Monday, December 26, 2016

The Yanthus Prime Job

It looks like this blog may just be turning into a book review blog.  Things are pretty crazy right now what with the audio book recording, trying to finish "Five Dragons" before the end of the year - a long shot, to be honest - cranking away on a couple of sooper seekrit projects that will be revealed in the new year or forever hidden...oh, and family and overtime in the salt mines. 

Those are all excuses.  To be honest, in the last few months I've just been thrilled to discover great writer after great writer.  Reading Cirsova, and finding a couple of great social nodes on Twitter, have introduced me to a number of great writers.  It's an embarrassment of riches.  Combine that with technology that allows me to sneak in a chapter or two at lunch or in quiet moments at work, and it's almost embarrassing how much reading I've been able to accomplish over the last few month.

Eventually things change, as they are wont to do, and you may find things in these spaces other than reviews.  You know, things like politics, film, writing, wargaming...I do miss wargaming...and philosophy.  But for now, it's books, Books, BOOKS!
 Why, lookee here!  It's another book.  Not just another book, but another @RobKroese book.  Remember when I said, "[Starship Grifter is] just not my cuppa joe."?

Yeah...about that.

The Yanthus Prime Job is a novella for a dollar.  It's short.  It's fun.  It's protagonist has the standard, "one last job" motivation, but we all know that for characters like this, there's always another job waiting just around the corner.  A writer's gotta eat, after all.

This title is set in the same universe as Starship Grifters, and it features the same sorts of characters - grifters, conmen, and thieves.  The protagonist of this work is a bartender trying to go straight after a career working for the Ursa Minor Mafia*.  Deep in debt, she hatches a plot to steal a valuable thing and use the proceeds to buy her way out of debt to the mafia and escape Yanthus Prime for parts unknown.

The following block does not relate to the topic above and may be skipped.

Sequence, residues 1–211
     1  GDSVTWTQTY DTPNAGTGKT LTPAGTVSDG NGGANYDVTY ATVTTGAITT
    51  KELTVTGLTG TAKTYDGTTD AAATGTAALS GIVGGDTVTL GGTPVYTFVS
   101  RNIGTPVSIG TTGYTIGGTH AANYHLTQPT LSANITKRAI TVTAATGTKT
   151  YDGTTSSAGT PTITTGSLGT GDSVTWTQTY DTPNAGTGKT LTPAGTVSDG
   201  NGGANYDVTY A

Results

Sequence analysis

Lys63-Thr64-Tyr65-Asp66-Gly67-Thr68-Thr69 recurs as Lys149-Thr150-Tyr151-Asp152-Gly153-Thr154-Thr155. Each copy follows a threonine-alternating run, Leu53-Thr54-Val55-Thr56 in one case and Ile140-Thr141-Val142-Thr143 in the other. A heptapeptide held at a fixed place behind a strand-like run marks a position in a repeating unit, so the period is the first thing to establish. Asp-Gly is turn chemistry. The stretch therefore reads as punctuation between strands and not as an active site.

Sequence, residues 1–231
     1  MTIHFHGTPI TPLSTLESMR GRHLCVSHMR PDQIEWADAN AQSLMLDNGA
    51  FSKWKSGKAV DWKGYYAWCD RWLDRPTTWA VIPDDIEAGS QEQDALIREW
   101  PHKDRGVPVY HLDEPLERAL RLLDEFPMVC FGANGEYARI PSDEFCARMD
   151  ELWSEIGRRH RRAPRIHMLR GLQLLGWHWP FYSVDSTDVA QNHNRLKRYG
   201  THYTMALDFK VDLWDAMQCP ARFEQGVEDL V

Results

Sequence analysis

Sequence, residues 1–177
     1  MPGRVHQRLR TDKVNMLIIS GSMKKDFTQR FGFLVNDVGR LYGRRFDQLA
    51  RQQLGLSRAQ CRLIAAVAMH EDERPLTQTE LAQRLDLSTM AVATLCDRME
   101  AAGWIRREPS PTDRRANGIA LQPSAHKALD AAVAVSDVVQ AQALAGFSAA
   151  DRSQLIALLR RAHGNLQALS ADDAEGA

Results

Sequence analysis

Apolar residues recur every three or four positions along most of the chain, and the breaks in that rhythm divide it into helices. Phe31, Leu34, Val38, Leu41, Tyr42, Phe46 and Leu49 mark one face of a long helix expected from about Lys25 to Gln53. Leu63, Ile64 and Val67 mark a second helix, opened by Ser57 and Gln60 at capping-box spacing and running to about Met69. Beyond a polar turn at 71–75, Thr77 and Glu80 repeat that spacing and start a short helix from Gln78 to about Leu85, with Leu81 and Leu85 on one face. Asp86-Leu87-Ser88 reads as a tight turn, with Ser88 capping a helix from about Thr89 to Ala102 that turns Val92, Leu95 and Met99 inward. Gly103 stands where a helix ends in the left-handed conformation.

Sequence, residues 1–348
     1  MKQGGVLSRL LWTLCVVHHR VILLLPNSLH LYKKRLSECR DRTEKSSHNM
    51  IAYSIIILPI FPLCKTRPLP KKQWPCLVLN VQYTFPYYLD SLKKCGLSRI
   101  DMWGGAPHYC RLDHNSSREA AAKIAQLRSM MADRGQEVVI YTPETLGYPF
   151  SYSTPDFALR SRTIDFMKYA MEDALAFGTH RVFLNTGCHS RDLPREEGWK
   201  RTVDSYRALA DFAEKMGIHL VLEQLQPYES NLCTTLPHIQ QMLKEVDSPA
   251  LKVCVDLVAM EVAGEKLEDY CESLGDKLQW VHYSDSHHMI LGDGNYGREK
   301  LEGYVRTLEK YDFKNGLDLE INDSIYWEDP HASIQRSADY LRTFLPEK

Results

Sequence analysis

The story is half standard heist, half science-fiction.  The heist is easily recognizable from movies ranging from the 1940s to today - break into a secure museum and steal a valuable macGuffin - but includes several clever science-fiction nods.  Her (sort of?) low tech solution to defeat the standard high-tech security measures is the sort of plan that could only work in science-fiction or fantasy.  Otherwise, most of her gear (grapple guns, chameleon suits, and plasma glass cutters, for example) is the standard thief kit.  Aside from the key plot-point used to defeat the security cameras, the break-in and escape could be plunked into any setting.  That's actually a compliment.  Rather than succumb to the temptation to make everything whiz-bang gee-whillickers new SF you've never seen before, Kroese wisely stops while the stopping is good.  The hook is all you need.

If you've watched a lot of heist movies, you'll see a few of the double and triple crosses coming a mile away, but there are enough surprises left in Kroese's pockets to make it worth reading through to the end.

  *  Get it?  Ursa Minor Mafia?  Ursa means "bear".  It's the Russians.  Kroese has a gift for nomenclature that is downright Futuramaian.  I mean, the man has a book out called Shrodingers Gat, for crying out loud.  How can you not love that?



  1. I wish I knew how to even ask, but I'll try:

    Is less endless parade of ridiculous circumstances met with incompetence overcome by coincidence and more the bounty hunter lady just being awesome but with funny and clever prose?

  2. The latter. This is a straigjt jewel heist with a sci-fi schtick. Everyone, except the Malarchy leader and his goons, is far more grounded and 'real' than what you saw in Rex Nihilo.

  3. This is Catwoman or Fujiko Mine in space. Tech, competence, and a little charm to overcome her weaknesses. And, remarkably, it is charm, and not blatant sex appeal cranked up to 11. While Starship Grifters wasn't my cup of tea, I would read another Pepper Melange story.

  4. What Nate said. While pepper is a thief and hardly has a heart of gold, for the most part she tries to do right by the decent people she encounters. Saying more would spoil one of the fun surprises, so suffice it to say she finds a way to turn a jewel heist into a very good deed.